Supporting Students with Disabilities in Trauma-Sensitive Schools - ASCD
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October 1, 2020

Supporting Students with Disabilities in Trauma-Sensitive Schools

Trauma-sensitive schools create a space where all children can seek support without fear of escalating consequences.

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Some aspects of the experiences of students with disabilities may be best understood through a trauma-informed lens. Not all children with disabilities have been traumatized, neglected, or abused, although—tragically—many have (Jones et al., 2012). We do not wish to "pathologize disability." Rather than focus on traumatic events in the lives of students with disabilities, we encourage schools and educators to adopt a trauma-sensitive approach for all students. When schools design curricula and institute schoolwide changes to become trauma-sensitive, students with disabilities are particularly likely to benefit.

Defining Traumatic Stress in Children

In adults, the defining symptoms of Posttraumatic Stress Disorder (PTSD) include re-experiencing, emotional numbing, and hypervigilance. Children who experience trauma present differently, influenced in part by their age and developmental level. A child may not be able to describe a traumatic event, but might re-enact the event through repetitive play, demonstrate sexualized or aggressive behavior, encounter unpleasant physical sensations, or experience sudden attacks of anger, fear, or sadness (van der Kolk, 2015).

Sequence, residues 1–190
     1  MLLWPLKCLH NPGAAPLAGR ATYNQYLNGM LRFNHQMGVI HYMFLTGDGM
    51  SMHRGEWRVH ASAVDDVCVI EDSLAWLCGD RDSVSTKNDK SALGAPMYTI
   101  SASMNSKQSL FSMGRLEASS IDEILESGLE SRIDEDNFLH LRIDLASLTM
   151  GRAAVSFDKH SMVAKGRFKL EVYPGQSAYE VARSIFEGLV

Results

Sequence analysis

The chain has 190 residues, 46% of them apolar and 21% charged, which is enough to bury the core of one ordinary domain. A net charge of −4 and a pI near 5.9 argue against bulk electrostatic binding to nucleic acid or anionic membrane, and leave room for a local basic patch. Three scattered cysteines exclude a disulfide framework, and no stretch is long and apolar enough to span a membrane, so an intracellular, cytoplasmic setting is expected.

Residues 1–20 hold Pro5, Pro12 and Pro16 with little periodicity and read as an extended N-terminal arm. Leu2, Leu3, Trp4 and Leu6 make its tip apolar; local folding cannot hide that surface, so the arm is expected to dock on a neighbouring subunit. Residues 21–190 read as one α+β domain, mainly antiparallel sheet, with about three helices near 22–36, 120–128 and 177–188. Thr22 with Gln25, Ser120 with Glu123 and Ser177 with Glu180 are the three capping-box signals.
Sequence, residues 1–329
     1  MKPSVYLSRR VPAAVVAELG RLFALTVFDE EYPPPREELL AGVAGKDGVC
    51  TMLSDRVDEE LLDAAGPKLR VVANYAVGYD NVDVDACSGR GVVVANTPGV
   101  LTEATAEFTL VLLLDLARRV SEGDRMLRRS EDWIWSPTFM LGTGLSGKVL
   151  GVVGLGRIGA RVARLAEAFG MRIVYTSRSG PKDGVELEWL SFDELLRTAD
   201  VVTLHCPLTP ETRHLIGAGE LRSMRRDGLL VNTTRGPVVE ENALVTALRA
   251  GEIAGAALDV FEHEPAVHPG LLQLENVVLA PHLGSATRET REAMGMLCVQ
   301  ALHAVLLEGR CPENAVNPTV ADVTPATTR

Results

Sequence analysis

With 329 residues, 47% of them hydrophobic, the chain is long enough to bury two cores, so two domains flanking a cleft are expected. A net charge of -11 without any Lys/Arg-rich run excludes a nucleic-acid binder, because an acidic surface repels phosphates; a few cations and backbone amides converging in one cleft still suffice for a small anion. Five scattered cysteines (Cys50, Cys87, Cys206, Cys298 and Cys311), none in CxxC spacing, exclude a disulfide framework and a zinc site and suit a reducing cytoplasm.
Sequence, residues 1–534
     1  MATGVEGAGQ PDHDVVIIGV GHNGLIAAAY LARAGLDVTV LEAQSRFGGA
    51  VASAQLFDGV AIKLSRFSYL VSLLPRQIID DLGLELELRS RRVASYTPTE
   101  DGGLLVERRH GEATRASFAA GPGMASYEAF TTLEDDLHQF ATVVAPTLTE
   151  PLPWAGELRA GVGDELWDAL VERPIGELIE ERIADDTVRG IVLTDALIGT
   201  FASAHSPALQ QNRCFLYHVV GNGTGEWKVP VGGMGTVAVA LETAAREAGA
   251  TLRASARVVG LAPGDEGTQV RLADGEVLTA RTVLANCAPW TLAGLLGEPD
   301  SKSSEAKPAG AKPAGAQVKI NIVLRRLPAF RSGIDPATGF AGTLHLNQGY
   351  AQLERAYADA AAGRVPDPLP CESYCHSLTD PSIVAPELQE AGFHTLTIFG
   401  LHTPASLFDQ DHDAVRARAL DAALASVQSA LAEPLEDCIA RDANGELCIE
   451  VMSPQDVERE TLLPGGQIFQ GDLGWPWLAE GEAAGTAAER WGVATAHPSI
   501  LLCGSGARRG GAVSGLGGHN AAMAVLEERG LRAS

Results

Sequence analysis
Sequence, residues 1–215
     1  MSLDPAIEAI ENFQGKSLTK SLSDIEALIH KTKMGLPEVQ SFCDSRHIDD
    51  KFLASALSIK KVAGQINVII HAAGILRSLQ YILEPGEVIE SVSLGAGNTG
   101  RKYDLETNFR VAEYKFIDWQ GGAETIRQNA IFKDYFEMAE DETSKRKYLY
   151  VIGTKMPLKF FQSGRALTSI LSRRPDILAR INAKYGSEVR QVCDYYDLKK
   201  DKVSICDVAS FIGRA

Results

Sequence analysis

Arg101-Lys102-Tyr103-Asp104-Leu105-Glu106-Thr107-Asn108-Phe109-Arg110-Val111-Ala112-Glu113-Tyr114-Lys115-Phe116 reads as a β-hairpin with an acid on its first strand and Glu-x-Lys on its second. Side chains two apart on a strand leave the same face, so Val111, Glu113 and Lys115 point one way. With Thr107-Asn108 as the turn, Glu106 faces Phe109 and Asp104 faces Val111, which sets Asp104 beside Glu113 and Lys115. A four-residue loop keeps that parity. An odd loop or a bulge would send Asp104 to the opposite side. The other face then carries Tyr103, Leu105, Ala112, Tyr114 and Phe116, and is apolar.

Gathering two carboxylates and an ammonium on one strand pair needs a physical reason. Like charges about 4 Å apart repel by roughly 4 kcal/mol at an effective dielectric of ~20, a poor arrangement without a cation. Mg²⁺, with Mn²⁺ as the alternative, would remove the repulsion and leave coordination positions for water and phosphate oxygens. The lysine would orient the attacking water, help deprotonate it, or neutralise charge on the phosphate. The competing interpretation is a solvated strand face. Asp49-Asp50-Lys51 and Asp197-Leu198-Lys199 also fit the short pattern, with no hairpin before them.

Children's basic neurodevelopmental capacities develop differently under adverse or traumatic circumstances. The concept of Developmental Trauma Disorder proposed by van der Kolk (2017) offers a broader conceptualization of trauma that includes effects on attachment, biology, affect regulation, dissociation, behavioral regulation, cognition, and self-concept/personality. Informed by research on toxic stress (Johnson et al., 2013; Shonkoff et al., 2012) and complex trauma (Cook et al., 2005), researchers have continued to consider the impacts of trauma on development. At present, the umbrella term Trauma- and Stressor-Related Disorders (TSRD) is used by mental health professionals to capture the various conditions that can arise when exposure to stressors or trauma has a significant and negative impact on individuals' lives and influences their everyday functioning (APA, 2013).